And I did this TV movie called “Happy.” It was about a clown who witnessed a murder. I played my dad’s son in the movie and also my dad directed a movie this is a long time ago called “Hot Stuff” with Jerry Reed, Suzanne Pleshette, and Ossie Davis. Then in high school I started auditioning. My first real job was an episode of “Hunter.” That was my first real job on my own acting and I was like, “Oh okay, I’m going to do this.” I did some acting classes but I would go over my auditions with my dad and he always enjoyed it so much. He would always say, “Make it a problem, make something happen, don’t make it easy.” He would say, “Does this guy juggle?” And I would say, “He’s a lawyer; he doesn’t juggle.”

Did your dad give you advice about comedy?

What I learned from my dad is you’ve always got to be thinking, thinking fast. My dad, Jonathan Winters, Rob Williams, all these comics thought very fast on their feet. And you have to trust yourself. You have to trust your instincts and your intuition as to what’s happening. I think there’s something about comedy that you can learn but there is also something just whether comedy is in you or not. You either have it or you don’t and I did get a little piece from my dad. There is a little bit of the comedy gene inside of me, so I’m very happy about that. It’s not so much talking about comedy as it is talking about acting and the feelings so you can do funny and you can do dramatic. It’s all about listening and reacting to what the other person is doing and having a point of view. So it can be a very funny off-the-wall point of view or a dramatic one for that matter.

What do you think families will learn when they watch “Pup Star?”

Family is the most important thing. This movie has a journey to a realization that family is everything. There’s our family, our immediate family, my daughter and our dog Tiny but also Tiny finds her own family on her adventure with Charlie and everyone else. I think the idea is unconditional love will always be there no matter what. You don’t need a house, you don’t need a recording contract, you don’t need things; you just need the relationships that you have in your life, your kids, your parents, your brothers and sisters.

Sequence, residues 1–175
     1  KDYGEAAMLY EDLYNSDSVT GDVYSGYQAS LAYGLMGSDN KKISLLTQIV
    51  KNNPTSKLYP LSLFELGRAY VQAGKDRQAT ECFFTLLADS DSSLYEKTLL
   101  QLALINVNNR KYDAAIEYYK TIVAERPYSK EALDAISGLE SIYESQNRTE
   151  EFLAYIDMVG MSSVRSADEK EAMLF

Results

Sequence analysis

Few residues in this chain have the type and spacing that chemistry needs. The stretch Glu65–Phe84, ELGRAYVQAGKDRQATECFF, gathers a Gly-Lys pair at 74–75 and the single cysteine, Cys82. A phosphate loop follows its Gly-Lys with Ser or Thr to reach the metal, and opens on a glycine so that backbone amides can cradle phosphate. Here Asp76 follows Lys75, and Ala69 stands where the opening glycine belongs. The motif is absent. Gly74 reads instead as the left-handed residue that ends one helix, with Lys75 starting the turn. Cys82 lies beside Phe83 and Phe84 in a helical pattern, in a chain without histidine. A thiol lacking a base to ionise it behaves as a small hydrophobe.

W.C. Fields famously said actors should never work with children or dogs. In this film, you have both plus lots of special effects. How do you hold your concentration with all of that?

We had a three split screen, we’ve got two dogs on the left, the humans are on the middle of the shot, and then we have the dogs running through on the right side. So there is a lot of technical stuff, I could be wrong but I think it was something like 2500 or more special effects shots. They have been doing this so long. Actually, they were editing on set while we were shooting. They could see what was happening so they would not move on until they made sure they did not miss anything. That is really smart because then I can focus on acting; I can focus on the moment and all that stuff because they are not going to move on until it’s right. Everybody on this crew was just so funny. When you make a movie like this you become a family. They are a well-oiled machine and everybody loves the dogs, everybody loves their jobs. But when you’re working with dogs, you can’t connect with them right away; their attention has to be on the trainer. And so over time I was allowed to get to know the dogs but you don’t want them to get to really like you because then you distract them while they are acting.

And the kids were great, so professional and easy to work with.

What’s next for you?

I did a movie called “Believe,” a faith-based film with my friend Danielle Nicolet who was just in the “Central intelligence” movie. We were in “3rd Rock from the Sun” together 21 years ago. I get to do a southern accent. It was really fun to work with my friend and play the bad guy. So in Pupstar I’m like this sweet dad and then in “Believe” I am this southern politician guy with a smile who will steal your candy.